WASHINGTON — Martin A. Samuels, MD, DSc (Hon), MACP, FANA, chair of the department of neurology at Brigham and Women's Hospital and the Miriam Sydney Joseph Professor of Neurology at Harvard Medical School, shared several updates in the field of neurology, including advances in stroke, Parkinson's disease and chronic traumatic encephalopathy.
Samuels discussed a specific theory about Parkinson's disease, and how it may have been validated via research this past year.
"There has been a theory about the cause of Parkinson's disease that was created by the distinguished neurologist and neuroanatomist Heiko Braak, which argues that the agent that causes Parkinson's disease, whatever that agent may be, might be inhaled, damaging the olfactory bulb, and then swallowed into the gastrointestinal tract," he said. "Then it's absorbed into Meissner’s' plexus from the gut and from there it enters the vagus nerve and passes up the vagus nerve, back into the brain stem and then gradually ascends the brain stem from the medulla to the pons to the midbrain. And when it reaches the midbrain, this is when we see the classic triad of Parkinson's disease, of the tremor, the rigidity and the bradykinesia. So there's a long, long presymptomatic phase of Parkinson's disease, according to this theory."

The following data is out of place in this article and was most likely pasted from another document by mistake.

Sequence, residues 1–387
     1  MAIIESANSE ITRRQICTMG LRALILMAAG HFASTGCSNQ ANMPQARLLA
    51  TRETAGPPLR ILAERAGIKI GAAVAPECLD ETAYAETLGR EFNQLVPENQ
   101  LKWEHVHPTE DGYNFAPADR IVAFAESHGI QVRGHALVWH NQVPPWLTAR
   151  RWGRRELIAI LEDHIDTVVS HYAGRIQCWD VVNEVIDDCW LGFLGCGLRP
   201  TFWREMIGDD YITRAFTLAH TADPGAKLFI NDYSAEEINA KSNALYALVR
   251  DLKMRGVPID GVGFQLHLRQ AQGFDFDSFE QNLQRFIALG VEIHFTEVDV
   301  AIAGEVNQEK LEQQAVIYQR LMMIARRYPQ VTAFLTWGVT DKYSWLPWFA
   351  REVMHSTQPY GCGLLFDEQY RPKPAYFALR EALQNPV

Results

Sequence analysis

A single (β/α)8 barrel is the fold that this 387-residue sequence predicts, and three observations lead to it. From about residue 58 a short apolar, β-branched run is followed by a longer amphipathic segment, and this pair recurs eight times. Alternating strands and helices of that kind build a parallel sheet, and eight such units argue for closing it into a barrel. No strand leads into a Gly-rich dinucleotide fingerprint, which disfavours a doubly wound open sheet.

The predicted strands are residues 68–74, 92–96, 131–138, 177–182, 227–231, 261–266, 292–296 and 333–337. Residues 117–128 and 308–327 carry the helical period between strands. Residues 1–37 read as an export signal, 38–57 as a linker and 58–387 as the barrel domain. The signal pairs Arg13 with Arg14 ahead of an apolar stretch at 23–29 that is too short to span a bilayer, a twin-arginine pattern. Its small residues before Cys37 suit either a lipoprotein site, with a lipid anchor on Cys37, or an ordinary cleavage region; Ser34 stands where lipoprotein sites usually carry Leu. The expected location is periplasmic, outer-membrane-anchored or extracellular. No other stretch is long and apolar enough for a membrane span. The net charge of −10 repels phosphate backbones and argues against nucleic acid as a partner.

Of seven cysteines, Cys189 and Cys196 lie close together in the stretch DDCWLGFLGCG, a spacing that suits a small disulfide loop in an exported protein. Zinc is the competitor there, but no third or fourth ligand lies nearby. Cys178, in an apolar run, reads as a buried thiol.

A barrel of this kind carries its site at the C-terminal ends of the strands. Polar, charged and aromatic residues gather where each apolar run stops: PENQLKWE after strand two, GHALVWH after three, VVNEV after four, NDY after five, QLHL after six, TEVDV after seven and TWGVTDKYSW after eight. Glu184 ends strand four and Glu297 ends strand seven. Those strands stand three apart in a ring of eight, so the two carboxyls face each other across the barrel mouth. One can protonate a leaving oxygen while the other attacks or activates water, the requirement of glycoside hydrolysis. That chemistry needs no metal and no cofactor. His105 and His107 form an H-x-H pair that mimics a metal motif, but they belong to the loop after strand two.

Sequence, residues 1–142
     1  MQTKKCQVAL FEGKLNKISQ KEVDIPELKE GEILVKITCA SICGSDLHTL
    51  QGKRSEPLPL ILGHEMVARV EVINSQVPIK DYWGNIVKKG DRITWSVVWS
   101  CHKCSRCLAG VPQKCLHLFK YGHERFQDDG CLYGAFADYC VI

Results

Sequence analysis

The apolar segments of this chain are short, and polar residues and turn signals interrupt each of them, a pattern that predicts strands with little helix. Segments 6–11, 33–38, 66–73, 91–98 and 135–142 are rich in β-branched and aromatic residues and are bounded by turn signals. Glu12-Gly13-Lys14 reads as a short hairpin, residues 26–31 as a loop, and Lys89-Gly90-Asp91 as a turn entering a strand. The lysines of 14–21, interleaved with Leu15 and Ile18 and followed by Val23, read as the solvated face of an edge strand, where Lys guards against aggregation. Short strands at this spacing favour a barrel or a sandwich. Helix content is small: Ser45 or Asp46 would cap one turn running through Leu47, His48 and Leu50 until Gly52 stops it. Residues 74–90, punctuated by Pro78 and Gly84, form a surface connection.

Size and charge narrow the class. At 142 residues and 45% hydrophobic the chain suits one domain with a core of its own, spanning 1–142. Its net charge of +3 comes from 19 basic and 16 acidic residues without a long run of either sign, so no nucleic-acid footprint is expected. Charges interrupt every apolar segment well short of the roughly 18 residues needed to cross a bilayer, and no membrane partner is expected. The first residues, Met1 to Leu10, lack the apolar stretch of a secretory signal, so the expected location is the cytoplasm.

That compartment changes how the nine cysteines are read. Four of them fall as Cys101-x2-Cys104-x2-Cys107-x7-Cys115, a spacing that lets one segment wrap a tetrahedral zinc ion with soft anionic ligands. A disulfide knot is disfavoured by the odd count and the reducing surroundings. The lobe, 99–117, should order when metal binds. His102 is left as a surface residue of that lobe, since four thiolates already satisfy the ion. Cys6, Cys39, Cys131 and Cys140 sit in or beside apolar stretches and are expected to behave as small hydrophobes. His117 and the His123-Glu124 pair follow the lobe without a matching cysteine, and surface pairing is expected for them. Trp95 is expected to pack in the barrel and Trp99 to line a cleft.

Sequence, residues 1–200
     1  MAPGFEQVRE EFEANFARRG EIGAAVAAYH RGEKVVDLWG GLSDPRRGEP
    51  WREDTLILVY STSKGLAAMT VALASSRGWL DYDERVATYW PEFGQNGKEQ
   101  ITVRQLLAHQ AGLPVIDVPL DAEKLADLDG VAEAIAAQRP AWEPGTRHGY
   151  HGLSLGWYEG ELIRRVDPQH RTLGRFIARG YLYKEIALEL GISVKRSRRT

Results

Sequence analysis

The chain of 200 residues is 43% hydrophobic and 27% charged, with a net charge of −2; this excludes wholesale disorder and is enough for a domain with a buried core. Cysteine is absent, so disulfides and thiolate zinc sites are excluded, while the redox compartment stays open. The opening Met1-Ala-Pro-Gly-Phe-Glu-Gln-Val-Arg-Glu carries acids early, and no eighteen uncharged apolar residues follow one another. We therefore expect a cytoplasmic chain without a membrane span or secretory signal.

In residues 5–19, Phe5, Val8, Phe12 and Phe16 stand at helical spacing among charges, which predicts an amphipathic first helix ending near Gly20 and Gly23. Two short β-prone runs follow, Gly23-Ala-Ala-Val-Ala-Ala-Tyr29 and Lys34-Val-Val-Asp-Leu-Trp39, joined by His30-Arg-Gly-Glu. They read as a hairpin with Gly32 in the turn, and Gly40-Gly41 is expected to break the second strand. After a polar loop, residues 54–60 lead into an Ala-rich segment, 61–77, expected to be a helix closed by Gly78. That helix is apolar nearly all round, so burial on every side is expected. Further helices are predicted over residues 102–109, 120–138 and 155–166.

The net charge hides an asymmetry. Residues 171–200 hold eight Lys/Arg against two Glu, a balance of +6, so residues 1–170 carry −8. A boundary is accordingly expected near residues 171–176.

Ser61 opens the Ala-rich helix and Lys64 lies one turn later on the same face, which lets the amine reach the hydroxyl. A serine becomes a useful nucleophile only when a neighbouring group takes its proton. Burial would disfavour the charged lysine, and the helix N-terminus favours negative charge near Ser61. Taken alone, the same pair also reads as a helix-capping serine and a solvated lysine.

Samuels said that a group of investigators reviewed medical records that spanned multiple decades for patients who had undergone a truncal vagotomy.
"They compared those patients with regard to their risk for Parkinson's disease to people who underwent a superselective vagotomy... and to a control population, and remarkably, those people that had a truncal vagotomy, were protected significantly against the development of Parkinson's disease," he said.
This indicated strong support for the Heiko Braak hypothesis of the etiology of Parkinson's disease and may provide a new approach to thinking about treatment.